Chado: The Zen Art of Tea
with Pei-Tsen Tao and Andrew Hobai Pekarik
September 14 - 17, 2023
The ritualization of sharing tea began in China and was further formalized by Zen practitioners in Japan. It’s apotheosis, so to speak, was in 16th and 17th century Kyoto among merchant classes who imported Chinese tea implements but later took up a more local craft aesthetic. Although philosophically wabi-sabi (embracing imperfection and impermanence), tea ceremony evolved during this time into a choreographed but inherently natural activity. The “ceremony” aspect of this invites us to notice the significance of each gesture and each moment.
The term chado means “the way of tea,” indicating that, like zazen and like other Zen arts, this is a practice that gets richer with repetition, without the constraints of an imagined perfection to be attained beyond the present, unfolding moment.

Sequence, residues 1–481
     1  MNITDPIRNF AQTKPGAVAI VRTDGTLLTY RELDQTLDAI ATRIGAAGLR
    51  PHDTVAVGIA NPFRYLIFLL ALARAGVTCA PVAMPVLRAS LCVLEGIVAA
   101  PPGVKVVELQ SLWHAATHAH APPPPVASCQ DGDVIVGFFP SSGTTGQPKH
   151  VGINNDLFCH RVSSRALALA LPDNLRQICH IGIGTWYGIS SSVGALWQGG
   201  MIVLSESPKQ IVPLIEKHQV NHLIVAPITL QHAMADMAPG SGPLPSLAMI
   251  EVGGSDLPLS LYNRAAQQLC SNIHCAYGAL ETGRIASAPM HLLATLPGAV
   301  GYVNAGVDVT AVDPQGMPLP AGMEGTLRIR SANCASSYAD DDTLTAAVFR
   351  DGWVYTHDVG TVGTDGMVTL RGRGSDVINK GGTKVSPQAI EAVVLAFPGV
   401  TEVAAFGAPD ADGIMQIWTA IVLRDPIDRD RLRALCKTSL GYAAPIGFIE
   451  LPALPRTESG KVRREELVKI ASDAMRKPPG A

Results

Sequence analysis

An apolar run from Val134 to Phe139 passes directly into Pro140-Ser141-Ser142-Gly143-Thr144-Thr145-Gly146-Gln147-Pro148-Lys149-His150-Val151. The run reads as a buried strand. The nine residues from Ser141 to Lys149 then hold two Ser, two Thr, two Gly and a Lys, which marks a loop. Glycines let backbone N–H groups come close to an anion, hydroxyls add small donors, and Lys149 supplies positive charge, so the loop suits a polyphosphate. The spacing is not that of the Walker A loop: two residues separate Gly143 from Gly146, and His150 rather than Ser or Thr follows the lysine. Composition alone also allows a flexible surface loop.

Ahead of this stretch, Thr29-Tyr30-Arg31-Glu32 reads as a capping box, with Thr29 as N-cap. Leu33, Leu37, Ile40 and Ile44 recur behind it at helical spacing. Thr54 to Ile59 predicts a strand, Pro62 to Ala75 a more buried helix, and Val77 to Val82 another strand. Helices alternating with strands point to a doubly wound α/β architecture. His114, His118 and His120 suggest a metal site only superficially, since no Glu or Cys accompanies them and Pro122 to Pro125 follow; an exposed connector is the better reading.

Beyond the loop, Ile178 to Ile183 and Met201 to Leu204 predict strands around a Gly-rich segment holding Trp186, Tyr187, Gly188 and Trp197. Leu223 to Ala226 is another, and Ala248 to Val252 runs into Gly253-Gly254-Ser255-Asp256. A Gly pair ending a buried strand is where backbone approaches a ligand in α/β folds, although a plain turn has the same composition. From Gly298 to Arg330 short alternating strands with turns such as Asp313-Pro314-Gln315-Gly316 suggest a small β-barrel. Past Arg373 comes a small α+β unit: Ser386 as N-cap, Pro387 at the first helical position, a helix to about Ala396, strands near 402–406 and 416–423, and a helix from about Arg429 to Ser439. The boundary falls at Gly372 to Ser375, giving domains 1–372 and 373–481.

This retreat is both for new tea students as well as seasoned enthusiasts. Join tea masters Pei, Hobai and fellow sangha members for an ongoing exploration of tea ceremony as an appreciation of the season, our own space, our companionship with each other and all beings.
This retreat begins on Thursday evening but can also be joined on Friday.
Click here for a list of basic tea ceremony equipment, though there is no requirement to bring anything other than your keen interest.
As with all in-person retreats at the Monastery, participants are required to follow the current COVID protocol for keeping everyone safe (this link is updated frequently so check back). Review the current protocol requirements before registering, and if you have further questions, please contact the registrar.
Financial concerns should not prevent you from attending a program at the Monastery. If you can’t afford the program fee, you can see these options.
Pei-Tsen Sohai Tao has been practicing Japanese tea ceremony in the Urasenke tradition for over twenty years, and is an instructor at Urasenke Chanoyu Center in New York City.
Learn more about Pei-Tsen Tao
Andrew Hobai Pekarik has been a student of tea ceremony in the Urasenke tradition since 1977, and a Zen student in the Mountains and Rivers Order since 1994. He constructed his own teahouse, and he has been involved with Japanese art and literature as a scholar, curator, and author.
Learn more about Andrew Hobai Pekarik